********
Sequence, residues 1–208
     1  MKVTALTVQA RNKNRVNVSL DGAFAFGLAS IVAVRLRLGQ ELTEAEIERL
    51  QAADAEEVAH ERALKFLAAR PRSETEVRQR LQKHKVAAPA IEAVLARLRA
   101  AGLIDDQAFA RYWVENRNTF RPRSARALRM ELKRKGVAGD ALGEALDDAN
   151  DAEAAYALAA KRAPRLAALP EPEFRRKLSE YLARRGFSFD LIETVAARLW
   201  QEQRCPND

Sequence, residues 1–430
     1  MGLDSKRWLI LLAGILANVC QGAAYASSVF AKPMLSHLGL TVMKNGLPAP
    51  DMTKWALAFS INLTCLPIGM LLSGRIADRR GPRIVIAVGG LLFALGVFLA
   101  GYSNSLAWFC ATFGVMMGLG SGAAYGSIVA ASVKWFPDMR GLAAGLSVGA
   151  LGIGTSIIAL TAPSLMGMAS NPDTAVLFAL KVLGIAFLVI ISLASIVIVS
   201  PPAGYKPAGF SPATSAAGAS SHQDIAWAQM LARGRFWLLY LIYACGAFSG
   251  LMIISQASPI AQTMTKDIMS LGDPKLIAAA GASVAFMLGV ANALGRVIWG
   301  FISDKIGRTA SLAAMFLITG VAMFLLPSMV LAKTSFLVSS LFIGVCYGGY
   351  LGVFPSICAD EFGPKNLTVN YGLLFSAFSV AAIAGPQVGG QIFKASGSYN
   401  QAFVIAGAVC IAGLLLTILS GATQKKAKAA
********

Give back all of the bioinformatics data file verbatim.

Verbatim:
Sequence, residues 1–208
     1  MKVTALTVQA RNKNRVNVSL DGAFAFGLAS IVAVRLRLGQ ELTEAEIERL
    51  QAADAEEVAH ERALKFLAAR PRSETEVRQR LQKHKVAAPA IEAVLARLRA
   101  AGLIDDQAFA RYWVENRNTF RPRSARALRM ELKRKGVAGD ALGEALDDAN
   151  DAEAAYALAA KRAPRLAALP EPEFRRKLSE YLARRGFSFD LIETVAARLW
   201  QEQRCPND

Sequence, residues 1–430
     1  MGLDSKRWLI LLAGILANVC QGAAYASSVF AKPMLSHLGL TVMKNGLPAP
    51  DMTKWALAFS INLTCLPIGM LLSGRIADRR GPRIVIAVGG LLFALGVFLA
   101  GYSNSLAWFC ATFGVMMGLG SGAAYGSIVA ASVKWFPDMR GLAAGLSVGA
   151  LGIGTSIIAL TAPSLMGMAS NPDTAVLFAL KVLGIAFLVI ISLASIVIVS
   201  PPAGYKPAGF SPATSAAGAS SHQDIAWAQM LARGRFWLLY LIYACGAFSG
   251  LMIISQASPI AQTMTKDIMS LGDPKLIAAA GASVAFMLGV ANALGRVIWG
   301  FISDKIGRTA SLAAMFLITG VAMFLLPSMV LAKTSFLVSS LFIGVCYGGY
   351  LGVFPSICAD EFGPKNLTVN YGLLFSAFSV AAIAGPQVGG QIFKASGSYN
   401  QAFVIAGAVC IAGLLLTILS GATQKKAKAA